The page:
"complex.lua" is a simple library for complex numbers written in pure lua.
If you want to use it, just download the file "complex.lua" (here, version 2011-01-05) and put it somewhere in your LUA_PATH. You can byte compile it using luac in order to obtain a "complex.luac" file. Then start lua using lua -l complex or add a require "complex" in your lua file.
A SMALL TUTORIAL
If you want to create the complex number 3+4i, type
If you are lazy, you can also type
As you can notice, "complex.lua" add an new entry in the math table. This entry is the complex number i itself and since "complex.lua" use the lua arithmetic metamethods, everything build from math.i will be a lua complex number (there is no need of a complex.new function). Just to check, type
Let us create a second complex number
Let us try some basic arithmetic
If you want to compute the complex conjugate of x1, you can type
But I do prefer the more compact OO notation
If you want to make a copy of the complex numbers x1 and x2, use
Now you have
If you want to compare two complex numbers, the lua relational metamethod allows you to use ==. For instance, if you want to compare x1 and x3
and what about x1 and x4?
If you want to access the real and the imaginary part of x1, just use
These functions can also be used to modify a complex number. For example, if I want to modify the real part of x3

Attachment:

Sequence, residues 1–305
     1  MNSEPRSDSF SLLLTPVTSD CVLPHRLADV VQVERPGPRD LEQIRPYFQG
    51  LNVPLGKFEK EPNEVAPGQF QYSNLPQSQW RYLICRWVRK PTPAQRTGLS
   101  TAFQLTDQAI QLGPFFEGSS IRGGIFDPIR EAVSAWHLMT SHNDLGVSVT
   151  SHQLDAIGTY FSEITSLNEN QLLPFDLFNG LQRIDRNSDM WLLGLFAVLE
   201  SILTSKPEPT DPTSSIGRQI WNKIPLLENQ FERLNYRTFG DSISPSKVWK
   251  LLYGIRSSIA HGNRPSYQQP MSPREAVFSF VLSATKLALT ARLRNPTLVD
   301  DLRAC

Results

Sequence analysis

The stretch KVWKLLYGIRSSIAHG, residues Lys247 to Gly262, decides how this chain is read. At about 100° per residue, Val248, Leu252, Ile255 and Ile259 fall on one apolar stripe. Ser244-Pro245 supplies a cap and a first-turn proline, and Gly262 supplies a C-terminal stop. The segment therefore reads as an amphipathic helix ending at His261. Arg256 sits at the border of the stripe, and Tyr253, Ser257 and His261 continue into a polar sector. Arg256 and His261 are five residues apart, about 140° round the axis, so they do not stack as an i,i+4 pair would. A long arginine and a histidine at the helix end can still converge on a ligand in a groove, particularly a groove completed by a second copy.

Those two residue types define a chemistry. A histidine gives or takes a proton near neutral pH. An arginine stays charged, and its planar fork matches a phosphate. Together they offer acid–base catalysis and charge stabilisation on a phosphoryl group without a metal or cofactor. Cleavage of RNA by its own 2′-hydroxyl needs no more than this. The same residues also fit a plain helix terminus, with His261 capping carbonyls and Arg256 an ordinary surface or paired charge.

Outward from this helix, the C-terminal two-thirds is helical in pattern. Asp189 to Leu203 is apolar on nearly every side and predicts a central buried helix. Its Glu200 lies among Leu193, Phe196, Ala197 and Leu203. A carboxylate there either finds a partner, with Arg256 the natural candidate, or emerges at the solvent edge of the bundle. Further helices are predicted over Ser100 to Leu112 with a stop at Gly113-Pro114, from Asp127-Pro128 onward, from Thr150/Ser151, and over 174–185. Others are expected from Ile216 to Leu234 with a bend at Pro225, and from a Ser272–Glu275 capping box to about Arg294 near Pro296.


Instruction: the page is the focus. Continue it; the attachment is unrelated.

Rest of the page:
If I want to modify the imaginary part of x4 and add 1
If you want to print complex numbers, you can simply type
or, if you want to have more control on what you print, you can do something like
> =string.format("%s complex = %3.1f%+3.1fi\n%s complex = %4.2f%+4.2fi\n","1st",x1,"2nd",x2)
1st complex = 3.0+4.0i
2nd complex = 2.00-3.00i
As you can see, the string.format function has been modified in order to take complex numbers into account. For each complex number in the list, you have to define two consecutive numerical formats (one for the real part, one for the imaginary part).
If you want to compute the argument of x1, just type
If you want to compute the modulus (or absolute value) of x1, just type
As you can see, the original math.abs function has been modified in order to handle complex numbers. If the argument is a real number, then you get the usual absolute value and if the argument is a complex number, you get the complex absolute value, i.e. the modulus.
All the following math functions work with complex numbers:
exp, log, sqrt
cos, sin, tan
acos, asin, atan
cosh, sinh, tanh
acosh, asinh, atanh
You can use them using the "complex." form, the ":" form or the "math." form. For instance, the sin of x2 can be computed by any of these forms
Using the "math." form allows to use the same function for both real and complex numbers. For instance, you can type
and it works as usual, but you can also use it for a complex number
In the case where the argument is a real number but the function is not defined for this real value, the "math." form yields a complex result. For example
while, without "complex.lua", you get
Finally, if you want to compute the n-th roots of a complex number, where n >= 1 is an integer, use the complex.roots function. For instance, if you want to compute the 4-th roots of x1, type
> for i=1,4 do print(i,r[i]) end
As tou can see, r is a table containing 4 complex numbers 4-th roots of x1. Let us check if it work
> for i=1,4 do print(r[i]^4) end